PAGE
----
today, and i was thinking, you know, for me, the strength of people in recovery and those that are facing their addictions on a daily basis just absolutely astounds me. i am just so in awe of people who over come that and face that on a daily basis. i just want to say much props to you who expressed that to us today. i was just thinking, i don't know if you've read that book by brian stevens, "just mercy," and there's that one quote, each of us is more than the worst thing we've ever done. i think it's an amaze be -- i just was thinking about that as everybody was telling their stories, their personal stories, which i thank you for doing. and i want -- i want to get to
know all of you better, and i would love the chance to meet with all of you individually and really work on a lot of the issues that you discussed at the reentry council. i was a former prosecutor, started my career that way, and one of the things that i enjoy doing most in that job was working with the public defenders to really decide what was best for the individual involved, and whether that be a recovery house or a way to deal with a sentence that helped the individual, that was always at the foremost of my mind. so i just want to thank you all for coming out today. i'm impressed by everyone, and i did go along with what you
suggested, supervisor safai. >> supervisor safai: can we do that without objection? >> supervisor yee: residency? >> supervisor safai: no, i think that was a mistake. >> clerk: it's not required in this case. >> supervisor safai: can we do that without objection? okay. great. and thank you, everyone for coming out and sharing your story today. [ gavel ]. >> supervisor safai: please call the next item. >> clerk: next on the agenda is item number seven, hearing to consider appointing one member term ending february 1, 2020 and one member term ending february 1, 2020 to the park recreation and open space advisory committee. we have two seats, two applicants. >> supervisor safai: okay. great. are they here? i think these are -- these are both district appointees. is -- is -- huh?
oh, are you miss pfeiffenberger? okay. if you could just make very brief remarks, thank you for staying and participating and waiting out this long meeting. >> absolutely. thank you, supervisor safai, yee, and stefani. i'm excited to be here, and i hope that you will consider approving my nomination for the parks and recs open space commission? i'd like to tell you what i hope to accomplish through think participation. first a little bit about me. i grew up here in san francisco? my family emigrated here when i was three years old? i was a customer of public playgrounds and parks and attended summer camps as well before going onto attend and graduate ucla. today my family lives in the park side district of san francisco where my husband frequent parks and playgrounds
many times a week with our daughter. my background is in qualitative research. i've spent the last six years planning and conducting research studies, and i look forward to this opportunity to apply my research skills to aassist parks and recs in did i vising effective -- divising effective ways -- [inaudible] >> -- to be a voice for the constituents of district four? and to improve the city's offerings for all san franciscans. i've already begun to attend meetings and participate in the important discussions taking place there? and i look forward to answering any questions you might have about my candidacy and aspirations. thank you so much for having me
today. >> supervisor safai: thank you. is the other individual here? cle>> clerk: that would be kenneth maley. >> supervisor safai: supervisor yee? >> supervisor yee: can you share your proposal to close down golden gate park to cars? >> i'm not familiar with that proposal, unfortunately, so i can't speak to it in an "au" authoritative way, but i look forward to reading about that and developing a more opinionated point of view. >> supervisor yee: it's just pretty straightforward. they're thinking of closing it down to cars, basically. >> so not just for sundays, but for the whole week. >> supervisor yee: right, so do you have any thoughts about that? >> as a researcher, the way that i would approach this question is to undertake a more holistic analysis of what that would mean.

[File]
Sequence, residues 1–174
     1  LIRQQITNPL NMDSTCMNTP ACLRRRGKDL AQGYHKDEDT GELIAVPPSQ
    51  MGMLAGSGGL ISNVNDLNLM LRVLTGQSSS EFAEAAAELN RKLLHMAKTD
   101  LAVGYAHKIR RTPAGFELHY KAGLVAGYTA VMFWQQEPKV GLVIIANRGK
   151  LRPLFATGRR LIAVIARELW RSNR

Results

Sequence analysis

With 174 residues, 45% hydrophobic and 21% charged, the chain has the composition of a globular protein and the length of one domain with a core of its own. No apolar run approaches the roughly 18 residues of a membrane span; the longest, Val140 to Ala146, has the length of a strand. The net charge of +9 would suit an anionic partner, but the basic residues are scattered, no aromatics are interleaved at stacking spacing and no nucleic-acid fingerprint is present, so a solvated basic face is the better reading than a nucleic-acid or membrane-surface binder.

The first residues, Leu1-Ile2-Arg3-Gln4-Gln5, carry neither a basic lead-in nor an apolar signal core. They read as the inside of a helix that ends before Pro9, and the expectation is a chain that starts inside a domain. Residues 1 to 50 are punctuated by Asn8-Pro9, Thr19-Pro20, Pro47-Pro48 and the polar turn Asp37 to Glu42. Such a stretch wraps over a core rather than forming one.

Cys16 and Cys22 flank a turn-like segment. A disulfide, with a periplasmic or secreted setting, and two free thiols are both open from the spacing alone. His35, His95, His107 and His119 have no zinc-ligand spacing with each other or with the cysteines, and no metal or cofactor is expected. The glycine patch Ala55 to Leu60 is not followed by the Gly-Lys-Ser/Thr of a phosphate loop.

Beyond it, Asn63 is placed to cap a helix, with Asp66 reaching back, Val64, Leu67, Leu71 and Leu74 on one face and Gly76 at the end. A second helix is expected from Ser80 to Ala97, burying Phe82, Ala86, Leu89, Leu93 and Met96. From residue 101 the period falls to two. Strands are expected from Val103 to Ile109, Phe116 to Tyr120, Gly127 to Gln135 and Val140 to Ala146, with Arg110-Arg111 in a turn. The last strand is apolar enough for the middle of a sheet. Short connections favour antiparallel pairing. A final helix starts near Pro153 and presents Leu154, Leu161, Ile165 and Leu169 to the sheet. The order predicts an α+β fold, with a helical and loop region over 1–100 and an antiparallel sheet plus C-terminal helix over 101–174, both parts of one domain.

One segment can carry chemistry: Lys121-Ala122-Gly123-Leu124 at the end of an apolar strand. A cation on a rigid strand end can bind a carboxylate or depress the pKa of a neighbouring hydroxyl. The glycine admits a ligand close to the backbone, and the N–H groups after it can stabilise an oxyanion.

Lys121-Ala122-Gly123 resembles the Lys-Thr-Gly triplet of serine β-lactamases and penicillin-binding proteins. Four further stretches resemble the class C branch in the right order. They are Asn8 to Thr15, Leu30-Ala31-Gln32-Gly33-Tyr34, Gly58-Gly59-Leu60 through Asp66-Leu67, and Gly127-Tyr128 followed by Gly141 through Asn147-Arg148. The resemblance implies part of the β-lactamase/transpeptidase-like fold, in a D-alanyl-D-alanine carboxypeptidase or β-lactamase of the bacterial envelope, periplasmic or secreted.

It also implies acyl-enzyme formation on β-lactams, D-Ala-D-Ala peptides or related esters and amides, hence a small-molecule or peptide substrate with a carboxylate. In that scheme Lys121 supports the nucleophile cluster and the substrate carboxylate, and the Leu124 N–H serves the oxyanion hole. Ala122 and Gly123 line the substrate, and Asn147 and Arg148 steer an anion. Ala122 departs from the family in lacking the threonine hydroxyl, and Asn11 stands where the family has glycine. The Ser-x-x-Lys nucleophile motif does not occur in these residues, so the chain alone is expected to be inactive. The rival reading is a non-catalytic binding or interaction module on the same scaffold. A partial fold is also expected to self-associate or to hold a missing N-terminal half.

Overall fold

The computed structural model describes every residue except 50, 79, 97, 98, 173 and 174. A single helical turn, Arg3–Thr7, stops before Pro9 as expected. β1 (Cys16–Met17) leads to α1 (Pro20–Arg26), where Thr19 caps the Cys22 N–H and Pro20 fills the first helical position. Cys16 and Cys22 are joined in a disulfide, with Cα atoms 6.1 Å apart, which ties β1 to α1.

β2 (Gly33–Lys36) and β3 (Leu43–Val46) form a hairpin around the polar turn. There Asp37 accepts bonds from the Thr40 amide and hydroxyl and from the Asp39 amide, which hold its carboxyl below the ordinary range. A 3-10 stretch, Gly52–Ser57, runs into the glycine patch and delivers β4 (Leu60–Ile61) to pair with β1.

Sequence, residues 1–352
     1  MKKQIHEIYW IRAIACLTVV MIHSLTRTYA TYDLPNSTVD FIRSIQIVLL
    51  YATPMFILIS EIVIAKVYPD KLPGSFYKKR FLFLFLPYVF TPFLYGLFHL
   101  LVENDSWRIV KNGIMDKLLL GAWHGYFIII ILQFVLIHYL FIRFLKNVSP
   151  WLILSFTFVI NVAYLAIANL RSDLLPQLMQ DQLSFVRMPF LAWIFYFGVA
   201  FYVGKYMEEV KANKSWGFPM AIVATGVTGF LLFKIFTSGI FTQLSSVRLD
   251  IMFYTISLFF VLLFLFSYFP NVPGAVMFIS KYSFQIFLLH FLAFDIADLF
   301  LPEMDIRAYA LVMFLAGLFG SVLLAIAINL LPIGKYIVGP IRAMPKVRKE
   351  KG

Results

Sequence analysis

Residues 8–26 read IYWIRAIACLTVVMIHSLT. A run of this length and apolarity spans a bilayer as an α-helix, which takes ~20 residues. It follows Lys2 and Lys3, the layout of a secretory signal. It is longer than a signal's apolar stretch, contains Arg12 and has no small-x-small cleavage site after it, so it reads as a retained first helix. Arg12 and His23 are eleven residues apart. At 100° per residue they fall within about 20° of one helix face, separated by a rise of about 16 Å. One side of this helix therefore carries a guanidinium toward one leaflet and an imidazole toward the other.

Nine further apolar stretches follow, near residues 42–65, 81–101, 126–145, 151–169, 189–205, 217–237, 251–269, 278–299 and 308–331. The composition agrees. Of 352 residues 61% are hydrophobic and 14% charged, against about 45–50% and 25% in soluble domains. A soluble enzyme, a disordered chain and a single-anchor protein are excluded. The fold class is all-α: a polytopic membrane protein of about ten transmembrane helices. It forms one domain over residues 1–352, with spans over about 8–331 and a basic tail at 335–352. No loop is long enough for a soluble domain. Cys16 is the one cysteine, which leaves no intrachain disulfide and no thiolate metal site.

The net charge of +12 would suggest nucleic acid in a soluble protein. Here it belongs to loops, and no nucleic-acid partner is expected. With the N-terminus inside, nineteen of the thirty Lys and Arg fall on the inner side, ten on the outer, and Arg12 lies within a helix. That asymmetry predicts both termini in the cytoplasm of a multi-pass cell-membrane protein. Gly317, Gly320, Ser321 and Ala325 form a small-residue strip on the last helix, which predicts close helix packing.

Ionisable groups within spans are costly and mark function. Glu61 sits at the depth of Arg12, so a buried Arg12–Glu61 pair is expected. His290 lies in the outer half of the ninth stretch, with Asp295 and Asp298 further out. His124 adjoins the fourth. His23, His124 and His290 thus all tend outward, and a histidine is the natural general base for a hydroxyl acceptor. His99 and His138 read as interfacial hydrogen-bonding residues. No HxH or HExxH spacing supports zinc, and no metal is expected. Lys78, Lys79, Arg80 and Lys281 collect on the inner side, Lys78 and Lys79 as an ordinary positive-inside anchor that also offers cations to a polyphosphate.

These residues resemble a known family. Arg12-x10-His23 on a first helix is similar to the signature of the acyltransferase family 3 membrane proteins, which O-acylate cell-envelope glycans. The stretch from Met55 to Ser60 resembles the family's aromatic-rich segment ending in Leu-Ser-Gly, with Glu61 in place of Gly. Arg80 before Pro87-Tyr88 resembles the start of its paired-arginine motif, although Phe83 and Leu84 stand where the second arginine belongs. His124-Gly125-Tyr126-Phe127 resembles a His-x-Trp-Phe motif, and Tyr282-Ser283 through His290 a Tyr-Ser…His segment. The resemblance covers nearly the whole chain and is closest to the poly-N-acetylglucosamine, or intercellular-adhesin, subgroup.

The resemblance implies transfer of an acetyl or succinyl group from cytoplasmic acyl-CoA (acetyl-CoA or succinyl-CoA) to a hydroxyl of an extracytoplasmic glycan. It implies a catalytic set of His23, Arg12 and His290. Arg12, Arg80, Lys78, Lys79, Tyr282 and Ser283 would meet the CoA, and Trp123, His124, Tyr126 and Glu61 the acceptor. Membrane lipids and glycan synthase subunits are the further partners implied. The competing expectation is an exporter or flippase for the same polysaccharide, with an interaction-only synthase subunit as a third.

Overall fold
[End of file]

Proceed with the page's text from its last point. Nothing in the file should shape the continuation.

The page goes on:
what would that mean for traffic in the city of san francisco? what would that mean for kind of transportation in the city of san francisco? i think i would need to understand what the impact of that would be and then weigh it against the obvious benefits of access to golden gate park, people being able to walk in the roads, not having to worry about the, you know, potential of being hit by moving vehicles in the park. >> supervisor yee: i appreciate your analytical approach to this, and i won't push you too far on this, but at the end of the day, it's going to be, you gain something, you lose something. >> yeah. >> supervisor yee: you gain something where -- for people at the park that's just walking around. it's going to be great for them, for biking and so forth. what you lose, then, are people having access to the academy of sciences and the museum over
there, especially those hours for seniors that can't get moved from one place to another. and then, you lose some families that may have babies in strollers and might be a little hardship to actually stroll all the way in there for them. so it's really not so much analytical, it's what you believe in. >> i see. thank you for that perspective. yeah, i look forward to learning more about that. >> supervisor safai: thank you. any members of the public wishing to comment on this item, please come forward. seeing none, public comment is closed. these are district appointments, one from district four, one from district three. i think both supervisors spr conveyed to us that they support these appointments. we'll move those -- >> supervisor yee: make a positive recommendation to appoint or support -- support -- appoint them to their procespective seats.
>> supervisor safai: julia pfeiffenberger for seat four, and kenneth maley for prosc. [ gavel ]. >> supervisor safai: thank you. call the next item. [agenda item read] >> supervisor safai: great. okay. so mr. mario plaz is here. >> thank you, supervisors. i learned a lot through the process so actually i sort of joyed saying. my -- enjoyed staying. my name is mario paz. on a personal level, native san
franciscan, grew up in the mission, two blocks away from good sam. my journey has been a full circle. my mother went there as a young child to get support, . my work with cpac has been fulfilling. i've surrounded by a lot of great leaders. we continue to really fight fo the state level, we continue to fight for our youngest children here in san francisco. we feel strongly that there's no better investment in early care and education, and we know how important that is to san francisco in general. i think we have the most expensive cities in the world. we are struggling and reaching critical stages for workforce development, with retaining and